Brazil ex-President released from prison
President Bolsonaro calls him a 'scoundrel'
Ex-Brazilian President Luiz Inácio Lula da Silva has been set free after more than 18 months in prison.
Lula the former left-wing leader, was received by crowds of supporters as he walked out of the jail on Friday.
He was held in a prison in the city of Curitiba on corruption charges.
According to BBC, a judge ordered his release after a Supreme Court ruling that defendants should only be imprisoned if they have exhausted their appeal options.
The 74-year-old ex-president, who led Brazil between 2003 and 2010, is seen as a leftist icon in the country. As he left the prison, he pumped his fist in the air as a victory sign.
“I didn’t think that today I could be here talking to men and women that during 580 days shouted good morning, good afternoon or goodnight, no matter if it was raining or 40 degrees [Celsius],” he told the crowds.
He also promised to prove his innocence, before hitting out at the “rotten side of the judicial system”, which he accused of “working to criminalise the left”.
Lula was favourite to win last year’s presidential election but was imprisoned after being implicated in a major corruption scandal. The race was won instead by far-right candidate Jair Bolsonaro.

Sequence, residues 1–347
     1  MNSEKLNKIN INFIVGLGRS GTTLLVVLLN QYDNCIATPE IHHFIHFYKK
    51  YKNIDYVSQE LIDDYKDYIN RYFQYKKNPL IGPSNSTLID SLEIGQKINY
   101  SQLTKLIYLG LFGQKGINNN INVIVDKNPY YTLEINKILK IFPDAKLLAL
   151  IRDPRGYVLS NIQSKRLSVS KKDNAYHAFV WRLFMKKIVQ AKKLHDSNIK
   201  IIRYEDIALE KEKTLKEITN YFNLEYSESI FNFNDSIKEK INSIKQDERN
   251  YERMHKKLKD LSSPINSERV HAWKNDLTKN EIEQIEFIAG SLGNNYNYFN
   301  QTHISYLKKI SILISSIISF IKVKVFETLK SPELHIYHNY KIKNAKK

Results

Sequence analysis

Brazilian President Jair Bolsonaro on Twitter took the first swipe at political rival Luiz Inacio Lula da Silva on Saturday after the leftist former leader was released from prison, highlighting deep political divisions likely to flare up in the comings days.
Bolsonaro suggested Lula who was president from 2003 to 2010 was a “scoundrel” and called for his followers to rally around the government’s right-wing agenda, saying they should not allow “the new phase of Brazil’s recovery” to be derailed.
“Lovers of freedom and good, we are the majority. Without a north star and a directive, even the best troops become a band shooting at all sides, including friends,” Bolsonaro wrote.
“Do not give ammunition to the scoundrel, who is momentarily free but full of guilt,” he added, not referring to Lula by name.